China and Russia Begin Teasing Washington
Linda Heard, firstname.lastname@example.org —
Moscow and Beijing have teamed up and appear determined to send a message to the White House, singly and together, which translated could mean, “Don’t mess with us” and “Stay clear of our allies.”
The two countries are currently playing war games together with Uzbekistan, Tajikistan, Kazakhstan and Kyrgyzstan, all members of the Shanghai Cooperation Organization (SCO), considered a buffer to US oil and gas ambitions in the Caspian.
The SCO claims its mission is counterterrorist but while Iran, India, Pakistan and Mongolia have been invited to attend an associated Aug. 16 summit, the US has been rebuffed.
This comes hard on the heels of a not subtle Chinese threat to the American economy. Last week, two Chinese officials made statements, which did nothing to settle market jitters.
In essence, they warned the US to quit pressuring China to revalue its yuan or else it could decide to dump its dollar reserves, worth $1,330 billion and cash in its US Treasury bonds, roughly valued at $900 billion.
In the unlikely event of China following through on the implied threat, the ensuing economic carnage could make the 1929 Wall Street Crash look like a picnic because other countries would be panicked into following suit. Incredibly, some 45 percent of America’s foreign debt is held by foreigners, which leaves the US in an extremely vulnerable position.
Not to be outdone in the audacity-stakes, Russia claims to have buzzed a US airbase on the Pacific island of Guam in a show of its military resurgence.
According to the Russian military, two of its bombers were intercepted by US jets.
The pilots smiled at one another, says Russia, before going their separate ways. The Pentagon denies any such interception ever took place.
Russia’s new confidence derives from its friends in powerful places plus the fact it is swimming in oil and gas wealth, partly because Bush’s wars and aggressive Middle East foreign policy has driven up prices.
Its recent foray into the Arctic where divers erected rustproof titanium Russian flag on the seabed of the North Pole was interpreted by some as Russia having laid claim to some of the world’s largest untapped petrochemical reserves.
In the past, the logistics of tapping into those reserves were daunting, not to mention uneconomical, but now that ice caps are melting and prices are rising, Russia sees an opportunity.
It seems so does Canada and Denmark. Last week Canada announced the opening of two military bases in the region, while a group of 40 Danish scientists are traveling to the Arctic on an icebreaker to stake Denmark’s claim.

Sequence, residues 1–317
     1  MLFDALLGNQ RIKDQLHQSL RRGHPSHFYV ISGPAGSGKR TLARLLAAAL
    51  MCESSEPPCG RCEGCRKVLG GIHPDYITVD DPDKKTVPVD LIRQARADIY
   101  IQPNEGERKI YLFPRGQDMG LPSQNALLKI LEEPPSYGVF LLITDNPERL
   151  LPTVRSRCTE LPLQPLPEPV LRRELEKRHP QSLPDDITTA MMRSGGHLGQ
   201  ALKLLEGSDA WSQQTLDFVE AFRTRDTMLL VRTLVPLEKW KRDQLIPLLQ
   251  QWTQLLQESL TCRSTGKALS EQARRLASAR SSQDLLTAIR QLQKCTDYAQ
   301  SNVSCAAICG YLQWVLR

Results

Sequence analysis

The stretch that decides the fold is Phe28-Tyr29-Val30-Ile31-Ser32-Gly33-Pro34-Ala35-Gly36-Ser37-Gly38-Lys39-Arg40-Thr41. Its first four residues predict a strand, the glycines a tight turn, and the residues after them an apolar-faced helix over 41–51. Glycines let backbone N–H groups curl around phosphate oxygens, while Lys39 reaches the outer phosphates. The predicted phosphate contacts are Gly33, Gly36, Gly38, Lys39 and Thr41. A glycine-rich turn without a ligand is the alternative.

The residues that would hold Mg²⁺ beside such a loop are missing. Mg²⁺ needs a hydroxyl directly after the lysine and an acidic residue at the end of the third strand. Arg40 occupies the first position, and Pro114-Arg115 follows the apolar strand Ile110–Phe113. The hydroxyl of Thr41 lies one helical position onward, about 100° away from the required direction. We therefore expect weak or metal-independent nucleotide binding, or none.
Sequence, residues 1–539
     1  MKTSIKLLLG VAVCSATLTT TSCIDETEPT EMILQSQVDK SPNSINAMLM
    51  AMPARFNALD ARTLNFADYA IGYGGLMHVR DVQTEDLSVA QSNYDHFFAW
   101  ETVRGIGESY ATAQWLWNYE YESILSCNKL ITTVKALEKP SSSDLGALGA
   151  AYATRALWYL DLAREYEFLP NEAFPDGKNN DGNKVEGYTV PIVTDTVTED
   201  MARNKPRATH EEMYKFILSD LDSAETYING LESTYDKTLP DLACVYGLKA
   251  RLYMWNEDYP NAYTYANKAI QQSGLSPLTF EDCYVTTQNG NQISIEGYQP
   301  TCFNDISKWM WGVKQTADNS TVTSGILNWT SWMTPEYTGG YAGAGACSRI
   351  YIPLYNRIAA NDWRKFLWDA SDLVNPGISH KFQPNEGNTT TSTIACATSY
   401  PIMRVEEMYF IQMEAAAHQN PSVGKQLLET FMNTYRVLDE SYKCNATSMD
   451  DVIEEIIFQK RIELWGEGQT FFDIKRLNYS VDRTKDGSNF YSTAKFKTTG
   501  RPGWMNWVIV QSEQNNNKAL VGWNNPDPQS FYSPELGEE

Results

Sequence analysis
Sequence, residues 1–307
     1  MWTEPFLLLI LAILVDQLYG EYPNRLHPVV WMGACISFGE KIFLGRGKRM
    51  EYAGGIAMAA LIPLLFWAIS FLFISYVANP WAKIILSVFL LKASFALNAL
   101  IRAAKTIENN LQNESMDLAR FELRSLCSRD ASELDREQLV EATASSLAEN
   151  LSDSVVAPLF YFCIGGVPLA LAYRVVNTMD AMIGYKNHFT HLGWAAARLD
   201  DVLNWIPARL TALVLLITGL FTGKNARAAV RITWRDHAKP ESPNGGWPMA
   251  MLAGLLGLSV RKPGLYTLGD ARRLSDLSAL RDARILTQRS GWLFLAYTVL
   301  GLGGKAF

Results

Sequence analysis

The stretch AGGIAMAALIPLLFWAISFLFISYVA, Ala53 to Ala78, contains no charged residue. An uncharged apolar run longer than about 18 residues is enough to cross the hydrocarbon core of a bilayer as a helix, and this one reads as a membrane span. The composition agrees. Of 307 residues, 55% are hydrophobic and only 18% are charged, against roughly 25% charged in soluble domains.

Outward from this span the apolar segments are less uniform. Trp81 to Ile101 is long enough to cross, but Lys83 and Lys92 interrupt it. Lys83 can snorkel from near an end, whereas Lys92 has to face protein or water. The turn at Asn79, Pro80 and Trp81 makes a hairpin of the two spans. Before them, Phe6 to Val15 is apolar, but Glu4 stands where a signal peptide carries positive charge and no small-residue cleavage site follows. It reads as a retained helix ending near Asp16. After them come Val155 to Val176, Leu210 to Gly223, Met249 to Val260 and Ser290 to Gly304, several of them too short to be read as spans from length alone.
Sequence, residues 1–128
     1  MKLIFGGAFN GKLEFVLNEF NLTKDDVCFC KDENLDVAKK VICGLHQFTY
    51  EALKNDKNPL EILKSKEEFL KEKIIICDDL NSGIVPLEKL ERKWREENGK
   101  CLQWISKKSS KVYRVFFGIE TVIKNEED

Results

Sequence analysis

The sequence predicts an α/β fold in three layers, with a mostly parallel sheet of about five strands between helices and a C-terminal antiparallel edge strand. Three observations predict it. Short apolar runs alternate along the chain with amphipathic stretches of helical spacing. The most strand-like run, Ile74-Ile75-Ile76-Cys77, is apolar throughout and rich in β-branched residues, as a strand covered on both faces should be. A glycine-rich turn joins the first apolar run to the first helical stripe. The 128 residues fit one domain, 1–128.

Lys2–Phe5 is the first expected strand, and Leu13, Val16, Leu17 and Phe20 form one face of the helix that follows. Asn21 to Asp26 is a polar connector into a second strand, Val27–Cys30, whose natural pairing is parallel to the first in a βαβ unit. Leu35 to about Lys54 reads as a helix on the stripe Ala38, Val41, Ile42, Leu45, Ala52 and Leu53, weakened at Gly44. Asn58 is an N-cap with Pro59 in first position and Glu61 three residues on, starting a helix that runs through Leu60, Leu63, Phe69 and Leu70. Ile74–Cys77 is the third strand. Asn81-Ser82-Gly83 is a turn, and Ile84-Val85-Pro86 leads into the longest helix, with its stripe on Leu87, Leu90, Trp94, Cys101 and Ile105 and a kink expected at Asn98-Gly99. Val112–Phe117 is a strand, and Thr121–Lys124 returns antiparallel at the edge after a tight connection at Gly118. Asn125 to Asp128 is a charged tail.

Now Georgia has stepped into the fray by asserting a Russian military aircraft has violated its airspace, leaving behind a missile that failed to explode in a farmer’s field, near the disputed region of Ossetia.
Russia has denied the incident and accused Georgia of putting on a “theatrical presentation” aimed at canceling scheduled talks over the breakaway area’s future status.
Russia has further made it crystal clear that it does not approve of George Bush’s anti-missile defense shield being erected in Poland and the Czech Republic out of concern it could be directed at it rather than Iran and North Korea, as claimed. President Vladimir Putin initially proposed a joint missile defense venture with the US — an idea that was not well received.
And so he has decided to beef up his own defense system, modernize his army and navy and, in the event Bush’s star wars plan proceeds on his doorstep, he has threatened to direct his missiles toward Europe.
Russia’s relations with Britain have also gone south. Their erosion began when people Russia termed as British spies working under cover of the British Embassy in Moscow were filmed concealing a telecommunications device inside a dummy rock, through which secret messages could be transmitted via a palm-sized computer.
Diplomacy succeeded in papering over that embarrassing incident that was shown to viewers around the world on Russian TV. But nothing could put a lid on the mysterious death of Alexander Litvinenko who was poisoned by Polonium-210 after meeting with two former KGB agents and an Italian friend in London.
Following investigation, Britain’s director of public prosecutions requested the extradition of Andrei Lugovoi, a Russian citizen and was told in no uncertain terms that Article 61 of Russian Constitution forbids the extradition of Russian citizens to foreign countries and any such trial must take place within Russia. Russia also accuses Britain of refusing to extradite Russian citizens wanted by Moscow.
The contretemps is still ongoing and has thus far resulted in the tit-for-tat expulsions of both Russian and British diplomats. This is all a far cry from those cozy post-Cold War years when President Bush said he looked his Russian counterpart in the eye and sensed his soul. The only looks they’ll be giving one another nowadays would be decidedly shifty.
It seems to be a terrible shame that such a wealth of goodwill has been so cavalierly wasted. If the Bush administration hadn’t been so intent on pushing its global weight around to fulfill a neocon agenda of full spectrum dominance we might have enjoyed a world where major powers worked together for the good of all.
Together they could have striven toward alleviating poverty and disease, reducing conflict and tackling climate change. Instead, untold billions will go toward weapons of death and destruction. This is Cold War Mark II folks — a deadlier sequel to Mark I now that China is on board. Fasten your seatbelts for an uncomfortable ride ahead!